Thirty-Eight…Part Two

I humbly pray in earnest that these scales be washed from my eyes, so I may finally see…


Since publishing yesterday’s post (Part I,) I got to thinking and realized that it may seem more concerned with the love and concern that I have for my stepsons. That wasn’t my intent, which isn’t to say that they aren’t equally important. They mean so much more than I could ever say.

Back to the task at hand.

I’m done making excuses. Yes, moving (especially on such short notice,) makes for very little extracurricular time, but that isn’t even the point. I’ve had all year and most of last December to get off my lazy behind to do the work, but I haven’t. Something always came up, or so I told to myself; lied to myself. See, that’s the thing with me: this has gone on for so long–most of my life, really– that I’ve become very good at deceiving myself. The King of Excuses lies so much that he believes his own lies. NOTE: I do not say that to sound pompous or arrogant. I am the king of nothing. The phrase simply plopped down in my mind, made itself comfortable, and I chose to use it. I think it serves its purpose here.

Anyway, I’ve had nine months and I squandered most of that time, and when I was writing, nothing ever came of it. Those stories are unfinished, just like every story that I’ve ever started. Yet, it’s deeper than that. I’ve wanted to write for as long as I can remember (in elementary and junior high school, I vaguely recall thinking up chapter titles and ways to fit said titles, not knowing at the time that writing doesn’t work that way. For most people, it’s the other way around.) In high school, I was completely enthralled with reading, particularly the works of Stephen King, whom I’d “discovered” the summer between eighth and ninth grade, circa 1993. All this goes to show the extent and the genesis of my passions. That’s twenty-four years, nearly a quarter of a century and I’ve thrown it away, perhaps even systematically.

I think often of how different my life could be, if I’d really buckled down in high school and upon graduation, applied to various schools in the area in pursuit of the Arts (not just writing, but painting and drawing, as well.) I fantasize about the fancy schools I could have attended, the awesome, like-minded individuals I could have met and fostered friendships with, and especially, the books that would be finished. Heck, they needn’t even be fancy schools, just a good institution in which to be properly educated.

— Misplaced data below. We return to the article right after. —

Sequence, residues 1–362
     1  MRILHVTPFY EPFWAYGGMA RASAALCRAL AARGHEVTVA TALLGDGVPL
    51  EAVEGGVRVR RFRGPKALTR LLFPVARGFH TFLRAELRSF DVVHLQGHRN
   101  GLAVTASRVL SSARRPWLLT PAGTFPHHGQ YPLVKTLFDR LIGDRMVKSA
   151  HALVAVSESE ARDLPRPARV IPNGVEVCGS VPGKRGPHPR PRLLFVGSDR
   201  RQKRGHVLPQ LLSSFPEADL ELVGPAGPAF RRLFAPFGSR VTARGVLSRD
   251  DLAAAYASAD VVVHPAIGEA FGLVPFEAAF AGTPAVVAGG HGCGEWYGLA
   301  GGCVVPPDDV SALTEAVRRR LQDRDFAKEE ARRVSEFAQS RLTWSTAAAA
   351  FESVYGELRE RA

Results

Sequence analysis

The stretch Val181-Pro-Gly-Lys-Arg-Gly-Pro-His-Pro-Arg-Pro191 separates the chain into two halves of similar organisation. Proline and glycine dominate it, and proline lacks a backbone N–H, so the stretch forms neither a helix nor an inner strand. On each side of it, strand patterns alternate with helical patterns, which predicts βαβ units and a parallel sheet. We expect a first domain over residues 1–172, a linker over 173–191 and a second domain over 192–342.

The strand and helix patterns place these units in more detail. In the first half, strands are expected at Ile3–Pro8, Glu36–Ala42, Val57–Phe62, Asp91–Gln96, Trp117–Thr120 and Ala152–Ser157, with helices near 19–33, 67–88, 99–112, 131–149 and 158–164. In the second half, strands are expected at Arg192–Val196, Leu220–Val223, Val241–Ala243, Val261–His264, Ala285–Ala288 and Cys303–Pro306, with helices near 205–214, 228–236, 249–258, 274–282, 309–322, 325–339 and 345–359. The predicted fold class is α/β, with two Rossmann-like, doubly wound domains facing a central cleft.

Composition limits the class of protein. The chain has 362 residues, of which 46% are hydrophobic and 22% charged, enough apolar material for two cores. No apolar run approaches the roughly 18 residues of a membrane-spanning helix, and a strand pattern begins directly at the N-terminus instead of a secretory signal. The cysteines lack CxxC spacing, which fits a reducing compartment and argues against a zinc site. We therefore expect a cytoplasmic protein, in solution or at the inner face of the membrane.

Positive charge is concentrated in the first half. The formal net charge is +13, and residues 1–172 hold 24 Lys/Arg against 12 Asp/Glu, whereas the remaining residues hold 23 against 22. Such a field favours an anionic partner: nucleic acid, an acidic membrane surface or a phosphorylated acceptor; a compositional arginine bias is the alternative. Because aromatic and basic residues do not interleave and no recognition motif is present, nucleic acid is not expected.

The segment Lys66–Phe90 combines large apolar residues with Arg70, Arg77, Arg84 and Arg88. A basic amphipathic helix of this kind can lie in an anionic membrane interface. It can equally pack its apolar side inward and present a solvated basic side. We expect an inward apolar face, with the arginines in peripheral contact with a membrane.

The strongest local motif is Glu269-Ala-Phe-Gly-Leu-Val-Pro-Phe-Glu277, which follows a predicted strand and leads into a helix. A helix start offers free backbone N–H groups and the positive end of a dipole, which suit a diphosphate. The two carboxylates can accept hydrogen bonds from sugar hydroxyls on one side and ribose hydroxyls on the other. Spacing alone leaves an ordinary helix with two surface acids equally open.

Fantasy author, Christopher Paolini, began writing earnestly at fifteen or sixteen years old, embarked on what became the Inheritance Cycle.

S.E. Hinton began writing The Outsiders (published 1967,) when she was still in high school and, I just learned, as far as I know, she’s still writing today.


Look, I know these two are the exception to the rule, but most writers are published by the age of thirty, or perhaps I am mistaken. Perhaps that’s another lie I keep telling myself. Okay, scratch that, not *most* but surely a lot of them start out young and never look back. Right?

There’s also the possibility that I’m putting too much on myself. In fact, that’s probably true because those that know me well often say that I take myself too seriously, that my expectations are too high. But that’s mostly because I know myself well enough to know what I am capable of, and it’s a hell of a lot more than a handful of unfinished works.

Is this all just me, or am I responding to what society tells us we are “supposed” to be? How much of it is me and how big of a role do the lies of the world play in our lives? I think that, above all, is the burning, pertinent question, don’t you?

In the end, I suppose it doesn’t matter. It’s probably best to stay away from the philosophical. As long as I keep the dreams alive and actively chase them, I cannot fail because God won’t let me. I won’t allow it and neither will my friends and family. I am tired of living with regret. I am going to make the very best of the rest of 2017.


“Kids, fiction is the truth inside the lie, and the truth of this fiction is simple enough: the magic exists.”

-Stephen King, It


Thank you, as always, for reading.



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